Friday, January 27, 2017

Without naming Pakistan, UAE slams state-backed terror

India and UAE would work together to counter radicalisation and misuse of religion by groups and countries for inciting hatred and perpetrating acts of terrorism. A joint statement issued at the end of the visit by the UAE Crown Prince Sheikh Mohammed bin Zayed al Nahyan declared "strong condemnation of and resolute opposition to terrorism in all its forms and manifestations, wherever committed and by whomever, and declared that there could be no justification for terrorism anywhere."
Though the statement did not mention by name, it was clearly aimed at Pakistan. It said, "The two sides condemned efforts, including by States, to use religion to justify, sustain and sponsor terrorism against other countries. They further deplored efforts by countries to give religious and sectarian colour to political issues and pointed out the responsibility of all States to control the activities of the so-called 'non-State actors'."
India has stepped up diplomatic pressure against terrorism. UAE has been increasingly uneasy, confronting as it is the twin dangers of Pakistan-supported terror groups in close proximity and the looming threat from Daesh/ISIS. The most recent reminder was the killing of five UAE diplomats in Kandahar — the Taliban asserted it was not their doing. The UAE is reluctant to openly condemn the Taliban which it had supported in Afghanistan in the 1990s, along with Saudi Arabia and Pakistan. A security team from the UAE has just returned from Afghanistan after investigating the attack in Kandahar. Minister of state for foreign affairs, Anwar Gargash, said the government would take appropriate steps after the team submits its report. For the time being, the government is being circumspect on the possible outcome of the investigation.
But with indications that it may have been the work of the Haqqani network, with help from ISI, as the Kandahar police chief stated, the UAE is in a bind. Sirajuddin Haqqani, head of the Haqqani network is now also the deputy leader of the Afghan Taliban, so it would be difficult to insulate the Taliban from responsibility. But it reinforces the Indian position which does not distinguish between good and bad Taliban/terrorists considering both a threat. The attack has provided fresh thrust to the UAE's current approach of countering extremist ideologies that have created groups like al-Qaida and now ISIS/Daesh. The same UAE which was a supporter of the Taliban government in Afghanistan, after 9/11 decided to send troops to fight al-Qaida and Taliban in Afghanistan.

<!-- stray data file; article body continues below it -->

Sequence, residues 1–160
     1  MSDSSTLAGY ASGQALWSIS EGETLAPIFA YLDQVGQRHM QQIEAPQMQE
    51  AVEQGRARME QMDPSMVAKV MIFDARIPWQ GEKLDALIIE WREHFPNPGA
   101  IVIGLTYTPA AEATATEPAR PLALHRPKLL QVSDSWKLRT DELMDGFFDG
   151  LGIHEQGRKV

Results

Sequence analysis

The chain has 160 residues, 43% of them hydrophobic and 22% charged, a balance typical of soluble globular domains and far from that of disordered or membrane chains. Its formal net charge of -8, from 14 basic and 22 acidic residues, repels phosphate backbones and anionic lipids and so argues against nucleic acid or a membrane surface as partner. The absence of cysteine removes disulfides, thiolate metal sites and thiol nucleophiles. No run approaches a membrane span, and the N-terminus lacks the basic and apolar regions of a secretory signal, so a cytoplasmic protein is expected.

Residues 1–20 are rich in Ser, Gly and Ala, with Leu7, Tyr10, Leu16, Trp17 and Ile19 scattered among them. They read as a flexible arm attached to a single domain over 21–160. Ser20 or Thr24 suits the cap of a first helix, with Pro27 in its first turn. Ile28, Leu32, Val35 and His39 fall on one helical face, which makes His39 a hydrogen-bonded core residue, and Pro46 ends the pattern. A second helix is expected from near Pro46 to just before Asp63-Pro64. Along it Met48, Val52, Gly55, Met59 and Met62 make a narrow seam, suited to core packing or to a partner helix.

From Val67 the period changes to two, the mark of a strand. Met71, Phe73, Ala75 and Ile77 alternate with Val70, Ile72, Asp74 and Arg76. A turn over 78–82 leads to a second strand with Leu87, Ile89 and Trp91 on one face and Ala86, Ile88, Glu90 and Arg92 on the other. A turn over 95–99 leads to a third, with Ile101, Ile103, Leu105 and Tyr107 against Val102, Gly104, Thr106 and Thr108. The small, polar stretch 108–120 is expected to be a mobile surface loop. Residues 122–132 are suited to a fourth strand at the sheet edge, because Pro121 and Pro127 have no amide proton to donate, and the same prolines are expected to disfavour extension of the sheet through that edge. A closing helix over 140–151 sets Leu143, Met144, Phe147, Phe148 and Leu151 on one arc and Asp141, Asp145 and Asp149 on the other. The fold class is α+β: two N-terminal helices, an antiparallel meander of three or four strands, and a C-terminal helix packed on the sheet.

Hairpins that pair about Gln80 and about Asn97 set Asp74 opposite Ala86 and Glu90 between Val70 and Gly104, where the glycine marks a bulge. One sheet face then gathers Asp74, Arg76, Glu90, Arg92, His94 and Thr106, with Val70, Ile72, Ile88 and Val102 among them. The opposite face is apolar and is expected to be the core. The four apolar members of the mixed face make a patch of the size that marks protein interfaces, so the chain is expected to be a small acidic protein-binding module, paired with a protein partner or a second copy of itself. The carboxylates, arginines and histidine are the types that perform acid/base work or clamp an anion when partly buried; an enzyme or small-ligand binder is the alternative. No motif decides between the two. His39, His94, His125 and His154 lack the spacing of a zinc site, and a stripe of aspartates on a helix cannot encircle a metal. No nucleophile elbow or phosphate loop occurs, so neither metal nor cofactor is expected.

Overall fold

Today, the Emirates, through numerous state-sponsored organisations like Hedayah, is working with schools, Islamic clerics, and governments to steer away from extremist ideologies, weed out extremism from school curricula and even tailor the message clerics deliver to the faithful. Within UAE, the Friday sermons delivered by the imams are written and vetted by a government department on Islamic affairs to make sure the message is of "tolerance, moderation" etc. It shows the growing alarm coursing through these societies about radicalised Islam becoming an existential threat. "There is a close relationship between extremism and terrorism. Not every extremist becomes a terrorist, but every terrorist is first an extremist," said state foreign minister Anwar Gargash, to Indian journalists in Abu Dhabi this week.
"We have a problem within Islam, within Muslim societies, while the Islamisation of states are also contributing to growing extremism," he added. There is a growing sense that countering terrorism is key to maintaining what they call the "UAE model" - a modern, tolerant Muslim nation. It is actually one of the anchors that have drawn India and UAE to each other in recent years.

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